I thank the Policing Authority for commissioning this comprehensive report, which I received yesterday.  I acknowledge the valuable work undertaken by Crowe Horwath.  

The report is a very valuable analysis. I strongly welcome the clarity it brings.  It presents a troubling picture of certain practices in An Garda Síochána while also providing a broader context.  I have previously stated my deep concern at the serious failures of the Garda organisation in relation to alcohol checkpoints and fixed charge notices.  

This report does more than identify shortcomings and failures, it sets out clear-cut recommendations to ensure these failures are not repeated.  The Government established the Policing Authority to ensure oversight of policing practices, shed light on problems and identify solutions through its structured engagement with An Garda Síochána.  This report represents oversight in action. 

The report acknowledges some improvements have already been made.   The next phase – the implementation of the recommendations of the Crowe Horwath report – will be critically important.  Today I met with the Chair of the Policing Authority, Josephine Feehily, and Garda Commissioner Ó Cualáin, and asked that the Policing Authority work closely with An Garda Síochána to ensure the report’s recommendations are implemented urgently. 

Modernisation and reform require a multi-faceted approach.  We are putting in place the resources, both human and financial but as the Policing Authority has emphasised, cultural change within An Garda Síochána is all the more important.  The Policing Authority has stated that some of the problems identified pre-date the recession and were cultural in nature.  One of the Policing Authority’s first acts was to introduce a Garda Code of Ethics. Adherence to that code must become a fundamental part of our policing.  I made clear to Commissioner Ó Cualáin today that Garda management must ensure that all members are committed to the values the Code sets out. I am confident that he and his colleagues understand the importance of ensuring that cultural change goes hand in hand with systemic improvements.  The Policing Authority has a critical role to play in supporting and overseeing this process.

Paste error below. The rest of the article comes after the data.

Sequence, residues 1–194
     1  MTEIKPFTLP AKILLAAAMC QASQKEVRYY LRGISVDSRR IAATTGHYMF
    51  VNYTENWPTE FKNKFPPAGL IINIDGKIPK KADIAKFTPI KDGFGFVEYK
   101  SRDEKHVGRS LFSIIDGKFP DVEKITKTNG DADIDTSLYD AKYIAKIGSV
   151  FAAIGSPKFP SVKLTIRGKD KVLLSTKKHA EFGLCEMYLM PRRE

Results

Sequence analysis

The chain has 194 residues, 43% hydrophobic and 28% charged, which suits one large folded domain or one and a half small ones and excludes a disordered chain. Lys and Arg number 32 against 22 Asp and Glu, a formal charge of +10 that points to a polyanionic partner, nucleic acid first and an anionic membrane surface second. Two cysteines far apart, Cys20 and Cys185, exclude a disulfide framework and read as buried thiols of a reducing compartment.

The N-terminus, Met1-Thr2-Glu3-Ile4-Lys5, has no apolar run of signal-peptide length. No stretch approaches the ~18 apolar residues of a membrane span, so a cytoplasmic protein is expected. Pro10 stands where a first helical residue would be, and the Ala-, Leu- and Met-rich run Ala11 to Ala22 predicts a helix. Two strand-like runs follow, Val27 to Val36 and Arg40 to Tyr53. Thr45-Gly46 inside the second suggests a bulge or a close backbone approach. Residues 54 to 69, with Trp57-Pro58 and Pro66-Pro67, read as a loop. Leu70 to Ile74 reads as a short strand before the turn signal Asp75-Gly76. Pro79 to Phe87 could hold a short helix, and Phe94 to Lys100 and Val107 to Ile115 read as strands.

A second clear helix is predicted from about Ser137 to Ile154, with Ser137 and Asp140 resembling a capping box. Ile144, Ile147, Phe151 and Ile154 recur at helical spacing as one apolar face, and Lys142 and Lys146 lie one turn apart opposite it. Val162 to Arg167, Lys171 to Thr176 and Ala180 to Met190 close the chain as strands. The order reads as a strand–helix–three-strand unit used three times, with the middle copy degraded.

Moreover, it is important to remember that the expert Commission on the Future of Policing is undertaking a significant root and branch analysis of policing in Ireland.  I have no doubt that this report will inform its work to bring about the transformation of policing in this country. However, I fully acknowledge the vital work undertaken everyday by the women and men of An Garda Síochána to ensure the safety and security of the people of Ireland.    

This Government is taking action on resourcing. Garda numbers continue to rise towards our target of 15,000 by 2021; by year end, the strength of the service will be 13,500, an increase of 500 in a single year.  Civilianisation of the force continues towards our target of 4,000.  There is also a particular focus in filling key high-level civilian posts in Garda Headquarters in order to strengthen the management of the whole organisation.  I note the report’s recommendations on technology, and some €330 million is being invested in Garda ICT infrastructure over the period 2016 to 2021.  

I remain dedicated to doing everything in my power as Minister to ensure ethical and excellent policing, robust oversight and the modernisation of An Garda Síochána to ensure it can operate effectively and professionally in the public interest.  The recommendations of this report can take us another step along that road.

ENDS